The point here is simple: The Star Transformation calculation model obviously doesn't cope with the "collection" of dimensions in a single table very well, but assumes a dimensional model where each dimension is stored in separate table(s). If you don't adhere to that model the calculation will be badly wrong and the results possibly disastrous.

Here the Star Transformation assumes a filtering on dimension tables that are effectively no filter but this is something the current calculation model is not aware of. If you put the three dimensions in separate tables no "artificial" filter is required and hence the calculation won't be mislead.

Of course one could argue that the star transformation optimization seems to do a poor job since the normal optimization based on the same input data produces a much better estimate, but at least for the time being that's the way this transformation works and the model chosen better reflects this.

9 comments:

goran said...

Hi Randolf,

is there any particular reason you collected statistics for dimension like:
FOR COLUMNS SIZE 254 IS_FLAG_D1, IS_FLAG_D2, IS_FLAG_D3'

thanks,
goran

Randolf said...

Hi Goran,

it is explained in the post itself:

> The dimension table has histograms on the flag columns to tell the optimizer about the non-uniform distribution of the column data

The point here is that the column value distribution of the IS_FLAG... columns is highly skewed (Y and Ns are not uniformly distributed, there are more Ns than Ys), and therefore the optimizer should know about this.

Randolf

goran said...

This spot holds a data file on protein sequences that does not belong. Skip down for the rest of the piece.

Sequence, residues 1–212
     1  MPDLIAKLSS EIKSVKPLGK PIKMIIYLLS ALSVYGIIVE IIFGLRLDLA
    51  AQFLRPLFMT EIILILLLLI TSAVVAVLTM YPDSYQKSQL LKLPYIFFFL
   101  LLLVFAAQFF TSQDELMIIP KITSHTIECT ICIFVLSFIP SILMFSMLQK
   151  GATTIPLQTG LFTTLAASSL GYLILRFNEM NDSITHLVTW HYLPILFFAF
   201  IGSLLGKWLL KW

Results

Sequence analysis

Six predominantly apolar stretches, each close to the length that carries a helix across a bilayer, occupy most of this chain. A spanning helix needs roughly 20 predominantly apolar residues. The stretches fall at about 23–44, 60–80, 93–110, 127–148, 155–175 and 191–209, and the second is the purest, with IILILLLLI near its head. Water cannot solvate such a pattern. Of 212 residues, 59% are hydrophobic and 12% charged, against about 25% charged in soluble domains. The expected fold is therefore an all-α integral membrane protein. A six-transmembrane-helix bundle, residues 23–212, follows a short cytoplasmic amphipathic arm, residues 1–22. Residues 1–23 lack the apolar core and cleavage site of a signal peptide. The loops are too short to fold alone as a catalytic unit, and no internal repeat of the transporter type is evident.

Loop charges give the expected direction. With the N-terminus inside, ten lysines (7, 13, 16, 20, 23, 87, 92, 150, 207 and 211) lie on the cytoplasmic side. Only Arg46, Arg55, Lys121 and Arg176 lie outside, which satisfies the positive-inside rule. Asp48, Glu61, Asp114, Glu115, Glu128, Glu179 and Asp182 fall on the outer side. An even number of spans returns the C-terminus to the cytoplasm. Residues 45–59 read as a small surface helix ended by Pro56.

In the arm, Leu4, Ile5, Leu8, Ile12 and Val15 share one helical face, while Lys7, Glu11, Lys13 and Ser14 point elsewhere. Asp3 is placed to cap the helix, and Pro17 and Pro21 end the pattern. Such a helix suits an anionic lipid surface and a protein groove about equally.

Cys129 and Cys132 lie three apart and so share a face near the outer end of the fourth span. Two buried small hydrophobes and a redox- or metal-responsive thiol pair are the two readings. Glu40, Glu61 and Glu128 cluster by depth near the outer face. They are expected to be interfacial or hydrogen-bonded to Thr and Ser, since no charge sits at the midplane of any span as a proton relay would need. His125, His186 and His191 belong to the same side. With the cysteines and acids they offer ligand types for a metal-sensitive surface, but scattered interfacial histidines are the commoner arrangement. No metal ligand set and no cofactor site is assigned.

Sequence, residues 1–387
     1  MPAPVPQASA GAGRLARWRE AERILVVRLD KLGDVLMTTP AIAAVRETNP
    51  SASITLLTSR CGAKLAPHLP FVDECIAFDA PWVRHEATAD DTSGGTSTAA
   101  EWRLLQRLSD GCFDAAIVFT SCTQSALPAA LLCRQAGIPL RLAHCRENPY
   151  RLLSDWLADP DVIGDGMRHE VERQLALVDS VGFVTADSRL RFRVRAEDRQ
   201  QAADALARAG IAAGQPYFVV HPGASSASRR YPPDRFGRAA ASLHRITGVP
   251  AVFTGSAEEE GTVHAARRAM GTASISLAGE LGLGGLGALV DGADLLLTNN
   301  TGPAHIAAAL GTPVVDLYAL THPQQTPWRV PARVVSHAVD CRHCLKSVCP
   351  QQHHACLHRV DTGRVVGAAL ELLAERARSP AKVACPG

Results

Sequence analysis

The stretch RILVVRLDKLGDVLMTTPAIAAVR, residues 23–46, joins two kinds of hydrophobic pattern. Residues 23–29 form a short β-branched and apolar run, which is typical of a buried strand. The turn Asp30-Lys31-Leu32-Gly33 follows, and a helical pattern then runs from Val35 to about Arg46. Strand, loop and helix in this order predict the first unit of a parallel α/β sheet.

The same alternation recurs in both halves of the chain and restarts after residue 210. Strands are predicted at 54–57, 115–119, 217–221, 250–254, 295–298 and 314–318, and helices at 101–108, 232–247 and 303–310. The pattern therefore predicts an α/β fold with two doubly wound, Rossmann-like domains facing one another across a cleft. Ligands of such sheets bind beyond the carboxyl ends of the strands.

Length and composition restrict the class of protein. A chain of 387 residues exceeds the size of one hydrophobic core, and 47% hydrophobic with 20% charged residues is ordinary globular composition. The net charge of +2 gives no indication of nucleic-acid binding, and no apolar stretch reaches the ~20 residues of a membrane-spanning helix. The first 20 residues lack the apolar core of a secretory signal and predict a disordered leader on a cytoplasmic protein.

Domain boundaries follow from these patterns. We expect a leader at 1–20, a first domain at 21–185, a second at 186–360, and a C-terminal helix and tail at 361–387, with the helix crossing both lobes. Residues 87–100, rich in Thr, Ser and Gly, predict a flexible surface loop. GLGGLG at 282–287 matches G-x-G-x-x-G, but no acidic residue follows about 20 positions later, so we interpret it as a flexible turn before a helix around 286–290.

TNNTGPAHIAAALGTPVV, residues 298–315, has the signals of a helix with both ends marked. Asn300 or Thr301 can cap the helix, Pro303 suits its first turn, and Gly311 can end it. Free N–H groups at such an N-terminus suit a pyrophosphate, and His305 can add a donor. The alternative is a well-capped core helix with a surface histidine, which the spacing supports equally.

Hi Randolf,

thanks for answer ... right, the column 'is_flag' is highly skewed so my first question wasn't formulated precise enough ... in this test case you know in advance that for this particular column there are two values and hence usage of 'FOR COLUMNS SIZE 254' is fine ... I wonder, do you prefer to use this approach rather than e.g. 'for columns size skewonly' or 'for columns size auto'?

thanks,
goran

Randolf said...

Hi Goran,

there is no simple answer to that question.

At least what I can say is: Do not use SIZE SKEWONLY, because you'll end up with far too many histograms, and some of these histograms will even be a threat, which means that the optimizer's estimates can be influenced negatively.

So SIZE AUTO is not too bad, but even with SIZE AUTO you can end up with histograms that are not helpful.

Ideally you would know your application and queries, and generate only histograms where you know that it is necessary and beneficial.

Depending on your data this might also include crafting histograms manually using DBMS_STATS.PREPARE_COLUMN_VALUES / SET_COLUMN_STATS, because of the inherent limits how Oracle generates histograms. This is particularly true for columns with many distinct values that are skewed.

Randolf

goran said...

Hi Randolf,

thanks for answer ... I liked your webcast on CBO you gave this week.
Any plans to give a little bit 'advanced' version of presentation?

Regarding star transformation, on some DWH projects I saw following star schema design:
time dimension had primary key in form of date transformed into number i.e. 11.11.2011 presented like number 20111111.
fact table have date column, is partitioned on date column (range partitions) and contains not real dates but time dimension primary key i.e. numbers.